Gain of Function

Gain of Function

One of the persistent stories around COVID-19 has been its origin. Was it man-made? Was there a rogue lab, or was it an accident that caused years of pain and suffering?

If there was such a lab, what was it doing? What kind of research could potentially lead to a leak?

To understand this, we need to understand a term known as gain-of-function. 

Gain-of-function entails deliberately improving the characteristics of pathogens in order to understand their behaviour, transmission, and potential to cause diseases.

While proponents argue that research is indispensable for preparedness against emerging infectious diseases, critics voice concerns over the risks it poses, including accidental release and bioterrorism.

At its core, gain-of-function research aims to manipulate pathogens in controlled laboratory settings to anticipate and mitigate potential threats they pose to public health.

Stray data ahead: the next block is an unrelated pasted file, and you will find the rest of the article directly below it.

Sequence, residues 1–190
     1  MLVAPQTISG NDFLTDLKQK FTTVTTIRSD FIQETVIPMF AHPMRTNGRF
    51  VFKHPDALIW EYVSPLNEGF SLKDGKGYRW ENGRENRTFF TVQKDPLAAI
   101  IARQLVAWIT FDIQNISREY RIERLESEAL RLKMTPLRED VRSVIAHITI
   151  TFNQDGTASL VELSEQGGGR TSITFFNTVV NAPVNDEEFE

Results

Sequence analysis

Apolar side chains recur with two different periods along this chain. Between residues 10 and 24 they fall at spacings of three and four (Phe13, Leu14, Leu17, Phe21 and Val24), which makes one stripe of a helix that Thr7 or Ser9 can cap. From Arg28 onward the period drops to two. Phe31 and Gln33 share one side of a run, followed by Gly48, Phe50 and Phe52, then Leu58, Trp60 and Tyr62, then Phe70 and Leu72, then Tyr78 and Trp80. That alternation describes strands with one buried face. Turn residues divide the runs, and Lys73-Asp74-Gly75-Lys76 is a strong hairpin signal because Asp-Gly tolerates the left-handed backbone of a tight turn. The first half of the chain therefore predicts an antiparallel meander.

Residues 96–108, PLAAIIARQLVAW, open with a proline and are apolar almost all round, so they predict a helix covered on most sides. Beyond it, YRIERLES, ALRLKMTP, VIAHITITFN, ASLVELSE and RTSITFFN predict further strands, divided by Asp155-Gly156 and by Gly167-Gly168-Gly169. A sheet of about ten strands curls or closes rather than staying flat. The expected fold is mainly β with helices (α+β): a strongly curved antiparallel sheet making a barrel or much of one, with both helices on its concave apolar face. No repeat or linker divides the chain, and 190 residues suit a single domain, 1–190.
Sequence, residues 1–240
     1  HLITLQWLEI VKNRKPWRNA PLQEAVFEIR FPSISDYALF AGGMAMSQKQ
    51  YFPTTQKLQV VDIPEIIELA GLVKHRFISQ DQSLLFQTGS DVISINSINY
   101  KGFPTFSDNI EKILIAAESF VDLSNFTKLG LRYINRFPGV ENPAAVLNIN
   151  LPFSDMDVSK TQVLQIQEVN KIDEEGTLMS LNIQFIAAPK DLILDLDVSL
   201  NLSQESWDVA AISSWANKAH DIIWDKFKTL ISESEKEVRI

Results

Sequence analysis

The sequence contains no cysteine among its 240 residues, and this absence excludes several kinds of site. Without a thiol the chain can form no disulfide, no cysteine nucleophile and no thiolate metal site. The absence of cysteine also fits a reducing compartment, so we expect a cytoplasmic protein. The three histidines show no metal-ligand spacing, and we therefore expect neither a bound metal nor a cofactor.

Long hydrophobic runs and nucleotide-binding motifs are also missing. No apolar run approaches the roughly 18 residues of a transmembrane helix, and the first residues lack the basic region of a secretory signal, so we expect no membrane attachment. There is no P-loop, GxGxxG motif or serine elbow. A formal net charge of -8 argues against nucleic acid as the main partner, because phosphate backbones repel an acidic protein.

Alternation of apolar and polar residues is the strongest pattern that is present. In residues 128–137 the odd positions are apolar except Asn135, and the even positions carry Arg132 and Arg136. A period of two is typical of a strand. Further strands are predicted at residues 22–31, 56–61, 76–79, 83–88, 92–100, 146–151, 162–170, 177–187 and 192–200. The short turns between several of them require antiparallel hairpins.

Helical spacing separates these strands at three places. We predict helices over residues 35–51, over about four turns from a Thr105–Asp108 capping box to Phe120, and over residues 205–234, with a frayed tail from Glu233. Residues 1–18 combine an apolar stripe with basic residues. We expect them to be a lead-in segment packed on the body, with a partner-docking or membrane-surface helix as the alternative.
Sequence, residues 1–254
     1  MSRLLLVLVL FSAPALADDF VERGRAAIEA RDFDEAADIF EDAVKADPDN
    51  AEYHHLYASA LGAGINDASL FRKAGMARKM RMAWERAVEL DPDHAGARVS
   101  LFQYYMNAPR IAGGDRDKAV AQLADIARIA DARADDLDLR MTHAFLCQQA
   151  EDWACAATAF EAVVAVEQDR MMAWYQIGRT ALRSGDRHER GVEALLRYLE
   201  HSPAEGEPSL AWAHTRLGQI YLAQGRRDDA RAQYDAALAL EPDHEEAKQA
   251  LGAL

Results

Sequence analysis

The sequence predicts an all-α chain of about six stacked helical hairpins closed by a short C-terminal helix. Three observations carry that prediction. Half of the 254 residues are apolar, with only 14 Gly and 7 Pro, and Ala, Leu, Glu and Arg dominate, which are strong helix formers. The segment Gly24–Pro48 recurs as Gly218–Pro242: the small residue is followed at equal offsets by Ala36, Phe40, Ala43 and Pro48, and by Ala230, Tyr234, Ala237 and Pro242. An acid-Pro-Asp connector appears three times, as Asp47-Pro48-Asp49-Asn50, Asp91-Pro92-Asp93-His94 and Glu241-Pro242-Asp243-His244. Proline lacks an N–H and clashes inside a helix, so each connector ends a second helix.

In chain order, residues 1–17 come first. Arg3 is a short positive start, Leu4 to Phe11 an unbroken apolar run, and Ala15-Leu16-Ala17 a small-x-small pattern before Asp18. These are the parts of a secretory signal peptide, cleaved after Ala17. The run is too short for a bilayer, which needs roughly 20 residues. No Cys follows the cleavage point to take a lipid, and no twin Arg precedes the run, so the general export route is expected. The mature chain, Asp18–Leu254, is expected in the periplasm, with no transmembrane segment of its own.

By enhancing their transmissibility, virulence, or drug resistance, scientists seek to better understand how these pathogens might evolve in nature and devise effective countermeasures, such as vaccines and antiviral drugs.

The study of influenza viruses is one of the most frequently cited examples of such research.

By introducing specific mutations into the virus, researchers can simulate the natural process of evolution and track how these changes affect the virus's ability to spread or cause severe illness.

Learning about the virus, in theory, helps us improve preparedness. Think of it as a simulation or mock that allows you to understand its various permutations and prepare your defence. 

Critics argue that manipulating deadly pathogens in laboratory settings could lead to accidental releases, resulting in outbreaks with potentially catastrophic consequences.

Moreover, there are concerns that the knowledge gained from these experiments could be exploited for nefarious purposes, such as bioterrorism.

These debates are now new and will not die out anytime soon. Not all such research studies are publicly available or require public approval.

Recently, the study being done in China was shut down. I don't think it even really made the news. 

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